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Lactarius?


rbenn
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20210908_114837.jpg

20210908_114829.jpg

 

Looks like Lactarius subvellereus, but it seems the spore measurement is a bit off, although I included spore ornamentation which I shouldn't have. I may check them again.

 

Apparently taste is hot. Is it safe to taste and spit these? Does anyone eat these? 

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Did it have a lot of white latex? Did a slice across the gills turn dark brown? Fishy odor? If all of these answers are "yes" then probably Lactifluus luteolus. Otherwise... nothing else comes immediately to my mind. 

Evaluating the spore ornamentation on species of Lactarius/Lactifluus/Russula requires that the spores are mounted in Melzer's reagent. The warts/ridges are amyloid, and as such the ornamentation becomes apparent after it runs black in the Melzer's. 

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I wouldn't say a ton of latex, I wouldn't say the gills turn brown upon slicing although they naturally seem to get yellow brown with age, and odor is like a common mushroom.

Well I've probably got about 10 of these popped up on the forest floor near some oak, ash, and shelbark hickory. They are quite large.

 

Thanks for the Melzer's info. Unfortunately I don't have access to any at this time till I find a different doc.

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Except for Lactifluus luteolus, all the robust white milk mushrooms found in my area taste acrid. Looking through the NA Milk Mushroom book I see the species L. maculatipes, a whitish mushroom that may or may not develop pale yellow concentric zones on the cap. It is said to taste slowly acrid. With the ones that are slowly acrid you may need to allow the nibbled it to remain on your tongue for a minute or more in order to properly assess the taste.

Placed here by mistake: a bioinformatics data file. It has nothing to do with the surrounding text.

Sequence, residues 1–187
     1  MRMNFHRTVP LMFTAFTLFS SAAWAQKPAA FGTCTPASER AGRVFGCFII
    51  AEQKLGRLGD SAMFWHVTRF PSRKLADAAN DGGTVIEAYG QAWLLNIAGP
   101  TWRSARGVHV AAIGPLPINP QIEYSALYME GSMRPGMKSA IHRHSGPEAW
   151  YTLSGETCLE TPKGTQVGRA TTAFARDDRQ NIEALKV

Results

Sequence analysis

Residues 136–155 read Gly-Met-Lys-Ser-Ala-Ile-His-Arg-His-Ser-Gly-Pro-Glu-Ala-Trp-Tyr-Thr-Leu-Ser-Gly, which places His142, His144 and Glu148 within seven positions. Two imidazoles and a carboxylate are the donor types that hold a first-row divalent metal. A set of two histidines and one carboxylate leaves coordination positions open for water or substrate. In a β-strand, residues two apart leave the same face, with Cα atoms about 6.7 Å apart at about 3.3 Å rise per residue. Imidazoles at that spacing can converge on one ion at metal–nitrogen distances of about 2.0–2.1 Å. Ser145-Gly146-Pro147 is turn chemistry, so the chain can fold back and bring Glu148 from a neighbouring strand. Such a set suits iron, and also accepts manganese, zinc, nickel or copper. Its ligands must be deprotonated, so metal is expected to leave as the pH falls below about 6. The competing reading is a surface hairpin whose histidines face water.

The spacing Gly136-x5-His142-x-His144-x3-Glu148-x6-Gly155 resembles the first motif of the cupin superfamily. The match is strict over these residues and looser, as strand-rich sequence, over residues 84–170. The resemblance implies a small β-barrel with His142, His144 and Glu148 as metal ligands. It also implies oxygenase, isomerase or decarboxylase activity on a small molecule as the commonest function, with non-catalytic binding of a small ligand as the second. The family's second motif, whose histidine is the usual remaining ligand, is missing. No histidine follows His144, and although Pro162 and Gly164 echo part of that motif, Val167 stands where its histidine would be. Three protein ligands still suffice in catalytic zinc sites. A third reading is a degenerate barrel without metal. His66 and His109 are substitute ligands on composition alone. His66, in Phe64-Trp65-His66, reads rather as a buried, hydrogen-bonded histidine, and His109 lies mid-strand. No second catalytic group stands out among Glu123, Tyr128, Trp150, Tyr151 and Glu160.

Even if you get a doctor to write a script for Melzer's, it's nearly impossibly to get an American pharmacy to mix it for you. In other countries Melzer's is legal, but providers refuse to mail it into the USA. 

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Hmm, I definitely did not nibble for a minute, more like 5-10 seconds. So that could be.

 

Yes, I do have access to many countries to obtain melzers without shipping. However, they won't ship for good reasons... It is a controlled schedule drug technically so you would essentially be smuggling drugs if you bring it through customs or posses without a script. So for now I suppose it is a obselete method for study of spores until a alternative can be developed, at least for amateurs like me.

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The problem is not with the Melzer's; it's the chloral hydrate (date-rape drug), an essential ingredient in the reagent. Once mixed, Melzer's is not viable for the illicit purpose. I'm pretty sure that any university with a lab that engages in Mycology has Melzer's on hand. So, how does a university mange to obtain Melzer's legally? I don't know the answer to this. 

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It still contains the chloral hydrate, so to me it's still illegal technically.

Very controlled for university. They have to apply to get authroziation for use of a substance, then be registered (license) with the DEA to order the subtance which must be renewed annually. Once in possession it's suppose to be locked up and records maintained of use. Im sure a mycologist could justify using it for "field research" and take it home then.. 

I've heard of some mushroom clubs applying for this permit and distributing small amounts out for members.

Actually, looking into it a bit more, here is a link from one of my local universities for this very thing which is applicable as melzers would only be a schedule 4 substance :

https://ehs.msu.edu/lab-clinic/cont-sub/getting-started.html

 

I would need :

  • Credentials to conduct the proposed research
  • Protocol of the proposed research

Doubt amateur mushroom identification counts, but if you were part of a research project you probably could use this method, especially if you were supporting a phd with some research.

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